1st paragraph from Boing Boing, 2nd paragraph from Chicago Tribune

Kazimierz Karasek, 59 of Prospect Heights, Illinois

The driver of a semi truck who injured three dozen commuters when he turned into the path of a Metra train Friday [May 13, 2011] had accumulated more than 50 traffic citations since 1986 but hadn’t lost his license.

None of the infractions, including a 2000 drunken-driving arrest, triggered the suspension of the commercial driver’s license of driver Kazimierz Karasek, who was killed in the fiery wreck in Mount Prospect.

Chicago Tribune – They also have a map of the crash at Northwest Highway and Mount Prospect Road showing the string of events.

One of Kazimierz Karasek’s citations including driving the wrong way on a divided highway! There are hundreds of other people driving cars and trucks without licenses, on suspended licenses, and without the required insurance. That’s in addition to the hundreds of people who were not required to take driver’s education (in Illinois, people 18 and older are not required to take a formal driver’s education course). I am saying there are many bad drivers and many with poor or no education on how to drive legally and safely.

Yet we continue to let the drivers we know to be terrible at driving continue to drive and harass our cities and citizens. Those who take surface trains are not immune.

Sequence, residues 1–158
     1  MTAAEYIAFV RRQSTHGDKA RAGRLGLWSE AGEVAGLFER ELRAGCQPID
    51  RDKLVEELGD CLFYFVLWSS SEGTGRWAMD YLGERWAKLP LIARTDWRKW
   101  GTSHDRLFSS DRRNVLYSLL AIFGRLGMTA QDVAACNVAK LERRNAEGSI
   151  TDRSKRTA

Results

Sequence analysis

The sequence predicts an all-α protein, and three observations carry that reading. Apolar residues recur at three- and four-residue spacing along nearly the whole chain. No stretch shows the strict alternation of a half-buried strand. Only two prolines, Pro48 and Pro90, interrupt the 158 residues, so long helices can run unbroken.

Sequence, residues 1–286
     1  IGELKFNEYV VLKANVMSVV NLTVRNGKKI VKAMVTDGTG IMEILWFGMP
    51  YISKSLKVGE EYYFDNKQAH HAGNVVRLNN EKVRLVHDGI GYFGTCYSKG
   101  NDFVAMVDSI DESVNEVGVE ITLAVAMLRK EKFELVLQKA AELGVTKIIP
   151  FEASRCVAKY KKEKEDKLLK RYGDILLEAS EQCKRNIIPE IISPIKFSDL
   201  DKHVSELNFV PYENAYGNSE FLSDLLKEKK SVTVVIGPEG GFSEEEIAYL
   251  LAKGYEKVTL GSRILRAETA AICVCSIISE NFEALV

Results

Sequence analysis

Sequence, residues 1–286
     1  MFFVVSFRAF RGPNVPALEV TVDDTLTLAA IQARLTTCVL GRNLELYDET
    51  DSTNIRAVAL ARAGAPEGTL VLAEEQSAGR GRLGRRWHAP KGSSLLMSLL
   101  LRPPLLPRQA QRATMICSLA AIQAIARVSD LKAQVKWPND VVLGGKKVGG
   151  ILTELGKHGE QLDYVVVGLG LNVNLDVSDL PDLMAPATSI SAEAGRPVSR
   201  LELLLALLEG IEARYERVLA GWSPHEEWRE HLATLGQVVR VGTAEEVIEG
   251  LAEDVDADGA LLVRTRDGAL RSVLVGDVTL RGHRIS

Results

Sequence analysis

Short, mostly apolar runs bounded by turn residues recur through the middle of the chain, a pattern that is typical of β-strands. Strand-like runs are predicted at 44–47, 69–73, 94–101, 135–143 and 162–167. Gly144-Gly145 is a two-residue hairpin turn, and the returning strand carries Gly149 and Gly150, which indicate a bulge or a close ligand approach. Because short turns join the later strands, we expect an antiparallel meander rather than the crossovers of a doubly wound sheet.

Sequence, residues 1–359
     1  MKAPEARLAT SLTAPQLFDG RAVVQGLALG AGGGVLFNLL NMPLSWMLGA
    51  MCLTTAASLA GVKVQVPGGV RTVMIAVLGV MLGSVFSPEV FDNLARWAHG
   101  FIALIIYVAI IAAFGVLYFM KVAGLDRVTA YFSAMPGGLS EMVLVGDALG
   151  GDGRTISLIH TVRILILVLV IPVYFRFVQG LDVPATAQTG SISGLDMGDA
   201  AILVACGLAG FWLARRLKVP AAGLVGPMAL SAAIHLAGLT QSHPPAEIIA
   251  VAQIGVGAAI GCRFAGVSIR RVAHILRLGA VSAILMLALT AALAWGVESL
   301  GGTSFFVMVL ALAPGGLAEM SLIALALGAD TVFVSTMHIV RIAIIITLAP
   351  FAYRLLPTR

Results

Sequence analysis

A Union Pacific locomotive tows the UP-Northwest Metra train damaged by Kazimierz Karasek’s stupidity, his truck, and its cement slab cargo. Janelle has more crash photos.

Chicagoland is not the only place where we witness this carnage and traffic injustices. Streetsblog NYC today reports that an “unlicensed, speeding, hit-and-run driver who killed an elderly Staten Island couple in 2009 has been sentenced to a maximum of five years in jail.” Nice, right?

Will this couple make it across Western Avenue safely? Photo by Joshua Koonce. In related news, the Chicago Department of Transportation and the Mayor’s Pedestrian Advisory Council will start the public planning process for the Chicago Pedestrian Plan. Find a list of meetings.

P.S.: Who still freaking drives around closed railroad gates?